The Wauwatosa School District is considering beefing up its science offerings with a course in biotechnical engineering as well as a new advanced-placement physics class.
At least in the case of the engineering course, the intent in part is to attract more female students to the sciences.
Biotechnical engineering would be part of the schools' Project Lead The Way curriculum, which integrates science, technology, engineering and math (STEM) skills to solve problems or accomplish projects that call on more than one kind of learning, said Bill Anderson, the district's supervisor of special programming.
The course description says that students would be engaged in engineering design problems related to biomechanics, cardiovascular engineering, genetic engineering, tissue engineering, biomedical devices, forensics and bioethics. They would design materials and process that measure, repair, improve and extend living systems.
The course, described as a college-preparatory class, was discussed briefly this week with the School Board.
Responding to a question by School Board member Anne Fee about why the class might attract female students, Anderson said nationally data suggests that more young women who are considering medical field work 'are pursuing biology-based experiences … than, let's say, a straight physics or chemistry field.'
Director of Student Learning Beth Erenberger added that the district's science program tends to have more 'gender equity.'
'We don't see the kind of disparity we see in engineering,' Erenberger said.
In a separate interview afterward, Anderson explained the strategy the district wants to employ.
'We're trying to use biology as the hook to get more females to start looking at the course,' he said, 'and then the engineering component is a way of exposing them, to give theme the opportunity to say, 'You know what? This is a valuable pathway, and this might be an interesting profession to go into.' '
The cost of offering the new course would include $4,800 total tuition for two teachers - one each from Tosa East and Tosa West - to take a weeklong training course, plus various other costs, the largest being biological kits for students at both schools costing a total of $7,000, according to the course proposal presented to the School Board.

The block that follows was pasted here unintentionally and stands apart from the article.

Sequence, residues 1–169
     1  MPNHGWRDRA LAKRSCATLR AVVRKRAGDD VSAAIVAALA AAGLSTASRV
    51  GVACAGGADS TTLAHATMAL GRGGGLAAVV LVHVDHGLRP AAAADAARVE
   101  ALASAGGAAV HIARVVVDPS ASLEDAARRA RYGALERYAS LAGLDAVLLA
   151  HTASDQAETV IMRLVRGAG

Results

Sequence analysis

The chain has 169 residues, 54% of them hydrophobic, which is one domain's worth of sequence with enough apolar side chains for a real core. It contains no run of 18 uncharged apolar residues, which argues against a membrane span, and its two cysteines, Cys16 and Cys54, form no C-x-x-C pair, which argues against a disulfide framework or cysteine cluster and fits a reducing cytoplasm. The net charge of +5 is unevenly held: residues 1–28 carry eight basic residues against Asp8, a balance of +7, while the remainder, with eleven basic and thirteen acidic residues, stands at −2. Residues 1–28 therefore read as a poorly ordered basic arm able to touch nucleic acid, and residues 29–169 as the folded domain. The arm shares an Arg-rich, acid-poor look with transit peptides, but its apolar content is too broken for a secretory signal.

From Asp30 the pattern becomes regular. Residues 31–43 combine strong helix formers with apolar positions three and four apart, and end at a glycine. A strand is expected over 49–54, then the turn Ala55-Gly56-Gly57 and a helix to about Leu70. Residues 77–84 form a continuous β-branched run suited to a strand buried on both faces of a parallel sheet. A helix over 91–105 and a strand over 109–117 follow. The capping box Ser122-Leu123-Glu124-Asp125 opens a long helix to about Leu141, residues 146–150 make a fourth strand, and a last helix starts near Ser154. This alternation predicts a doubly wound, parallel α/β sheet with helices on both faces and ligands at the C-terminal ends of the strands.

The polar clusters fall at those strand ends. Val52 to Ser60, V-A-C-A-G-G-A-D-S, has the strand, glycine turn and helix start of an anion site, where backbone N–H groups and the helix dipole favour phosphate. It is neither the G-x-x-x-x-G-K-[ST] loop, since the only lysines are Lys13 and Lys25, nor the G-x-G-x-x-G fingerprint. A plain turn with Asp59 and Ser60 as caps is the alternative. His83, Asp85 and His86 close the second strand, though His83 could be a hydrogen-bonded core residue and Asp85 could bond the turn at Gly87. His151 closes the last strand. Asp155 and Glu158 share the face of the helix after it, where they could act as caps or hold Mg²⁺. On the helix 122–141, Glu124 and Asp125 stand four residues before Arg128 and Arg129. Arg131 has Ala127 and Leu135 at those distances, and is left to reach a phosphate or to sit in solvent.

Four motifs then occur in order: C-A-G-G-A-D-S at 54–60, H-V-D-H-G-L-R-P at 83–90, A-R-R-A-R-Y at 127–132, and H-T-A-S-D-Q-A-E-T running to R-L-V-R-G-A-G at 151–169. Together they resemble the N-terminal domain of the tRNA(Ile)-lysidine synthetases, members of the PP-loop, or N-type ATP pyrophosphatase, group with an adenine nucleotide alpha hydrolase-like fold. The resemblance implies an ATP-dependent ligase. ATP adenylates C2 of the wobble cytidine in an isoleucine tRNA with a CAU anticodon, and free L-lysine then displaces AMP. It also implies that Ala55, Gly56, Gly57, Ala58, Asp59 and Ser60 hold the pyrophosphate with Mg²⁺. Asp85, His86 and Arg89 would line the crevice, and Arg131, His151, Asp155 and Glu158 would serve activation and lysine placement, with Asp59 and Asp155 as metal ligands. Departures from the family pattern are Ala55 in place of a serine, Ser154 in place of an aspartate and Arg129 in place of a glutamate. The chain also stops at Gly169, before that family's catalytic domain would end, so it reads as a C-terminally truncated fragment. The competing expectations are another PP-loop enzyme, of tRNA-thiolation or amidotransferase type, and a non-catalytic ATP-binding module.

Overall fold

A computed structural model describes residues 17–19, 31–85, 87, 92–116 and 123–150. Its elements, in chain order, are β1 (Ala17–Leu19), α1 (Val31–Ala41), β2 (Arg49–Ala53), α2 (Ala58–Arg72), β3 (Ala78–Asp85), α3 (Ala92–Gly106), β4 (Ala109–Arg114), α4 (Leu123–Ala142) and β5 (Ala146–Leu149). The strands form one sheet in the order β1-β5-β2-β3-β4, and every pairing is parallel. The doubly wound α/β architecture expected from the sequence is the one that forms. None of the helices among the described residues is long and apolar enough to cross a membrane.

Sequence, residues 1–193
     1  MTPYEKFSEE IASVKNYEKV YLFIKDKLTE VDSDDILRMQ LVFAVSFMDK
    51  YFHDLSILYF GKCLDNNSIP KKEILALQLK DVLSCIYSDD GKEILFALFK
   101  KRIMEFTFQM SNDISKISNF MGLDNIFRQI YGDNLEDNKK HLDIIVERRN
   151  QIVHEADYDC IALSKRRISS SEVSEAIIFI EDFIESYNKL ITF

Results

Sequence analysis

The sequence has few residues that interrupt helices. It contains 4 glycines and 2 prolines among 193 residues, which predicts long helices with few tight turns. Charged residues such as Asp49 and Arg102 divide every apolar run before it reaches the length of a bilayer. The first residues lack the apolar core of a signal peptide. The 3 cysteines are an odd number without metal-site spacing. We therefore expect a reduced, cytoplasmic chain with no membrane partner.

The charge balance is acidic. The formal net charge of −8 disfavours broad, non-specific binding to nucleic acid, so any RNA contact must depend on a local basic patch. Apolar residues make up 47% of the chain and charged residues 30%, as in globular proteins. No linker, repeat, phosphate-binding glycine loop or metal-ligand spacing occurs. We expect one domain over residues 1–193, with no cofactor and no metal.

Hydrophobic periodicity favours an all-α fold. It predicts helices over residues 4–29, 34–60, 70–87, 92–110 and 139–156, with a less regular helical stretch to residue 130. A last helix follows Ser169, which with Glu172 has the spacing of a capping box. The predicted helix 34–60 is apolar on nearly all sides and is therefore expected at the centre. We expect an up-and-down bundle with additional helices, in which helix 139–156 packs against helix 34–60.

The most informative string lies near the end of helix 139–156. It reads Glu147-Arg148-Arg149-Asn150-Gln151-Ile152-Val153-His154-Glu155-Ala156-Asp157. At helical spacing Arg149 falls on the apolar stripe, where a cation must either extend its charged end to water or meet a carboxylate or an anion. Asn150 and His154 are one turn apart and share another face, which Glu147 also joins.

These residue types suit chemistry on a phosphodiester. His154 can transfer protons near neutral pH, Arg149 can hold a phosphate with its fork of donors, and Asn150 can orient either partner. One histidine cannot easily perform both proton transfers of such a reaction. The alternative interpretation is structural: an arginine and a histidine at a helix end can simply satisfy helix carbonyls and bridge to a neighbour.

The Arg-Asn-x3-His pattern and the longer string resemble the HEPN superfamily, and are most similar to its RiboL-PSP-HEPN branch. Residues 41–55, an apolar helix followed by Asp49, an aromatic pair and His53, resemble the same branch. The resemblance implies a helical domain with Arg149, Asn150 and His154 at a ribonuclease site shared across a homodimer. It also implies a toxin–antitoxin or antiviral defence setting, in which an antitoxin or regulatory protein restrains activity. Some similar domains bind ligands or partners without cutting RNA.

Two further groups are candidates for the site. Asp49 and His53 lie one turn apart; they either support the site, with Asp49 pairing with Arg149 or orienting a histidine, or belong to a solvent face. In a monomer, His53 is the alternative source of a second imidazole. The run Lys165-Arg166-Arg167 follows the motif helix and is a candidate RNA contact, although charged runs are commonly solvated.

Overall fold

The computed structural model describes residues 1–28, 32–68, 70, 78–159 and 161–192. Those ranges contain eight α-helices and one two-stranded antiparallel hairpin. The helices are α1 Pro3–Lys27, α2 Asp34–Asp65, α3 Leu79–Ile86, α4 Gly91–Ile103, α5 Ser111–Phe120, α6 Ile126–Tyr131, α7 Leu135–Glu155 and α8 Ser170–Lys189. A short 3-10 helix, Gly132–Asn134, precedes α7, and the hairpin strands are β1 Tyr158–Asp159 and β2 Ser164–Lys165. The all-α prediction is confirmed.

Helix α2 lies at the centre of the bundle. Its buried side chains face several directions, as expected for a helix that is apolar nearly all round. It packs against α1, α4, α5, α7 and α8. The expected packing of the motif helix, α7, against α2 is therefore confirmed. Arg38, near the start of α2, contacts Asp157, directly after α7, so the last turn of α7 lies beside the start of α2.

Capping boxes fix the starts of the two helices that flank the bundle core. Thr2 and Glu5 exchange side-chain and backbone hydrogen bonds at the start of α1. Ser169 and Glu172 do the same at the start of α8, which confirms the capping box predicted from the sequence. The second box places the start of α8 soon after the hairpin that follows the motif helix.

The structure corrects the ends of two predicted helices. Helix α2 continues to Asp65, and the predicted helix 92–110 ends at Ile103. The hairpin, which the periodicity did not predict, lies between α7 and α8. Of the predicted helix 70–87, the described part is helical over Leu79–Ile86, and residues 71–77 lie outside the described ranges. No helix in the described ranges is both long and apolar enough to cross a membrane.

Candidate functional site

New AP Physics proposed
A proposed Advanced Placement Physics C class would be more rigorous than the existing Physics B class, and would employ calculus, said physics teacher and science content team leader Judy Patrick. Physics B would still be offered.
About half the students who take the algebra-based Physics B class are not motivated to take the advanced-placement test because many colleges do not count the class toward certain majors, according to the course proposal document.
Students qualified for the new class would be those who have taken or are concurrently enrolled in a calculus class, which is a pool of 225 students at Tosa East, and 182 students at West, according to the course proposal. The proposal says an informal survey indicates 50 students at East might sign up for the course.
Students who take the course and do well on the AP test would be likely to get credit and possibly even be placed in a higher physics class when they go to college, Patrick said.
Juliebeth Farvour, a math teacher at East, said that there are 15 juniors who are taking Calculus BC, the highest math class the district offers. With no senior math class available, they could still keep their math skills sharp by enrolling in the proposed AP Physics C course.
Costs associated with implementing the class would include textbooks at $150 to $200 each - or less if used texts are available - plus curriculum writing at $23 an hour for two teachers for 80 hours; and a weeklong workshop at about $1,500 per teacher for up to four teachers, according to the proposal.
Erenberger and Patrick said they hoped to gain approval for the course in time to offering them next fall.
The School Board will act on both proposals at its Jan. 28 meeting.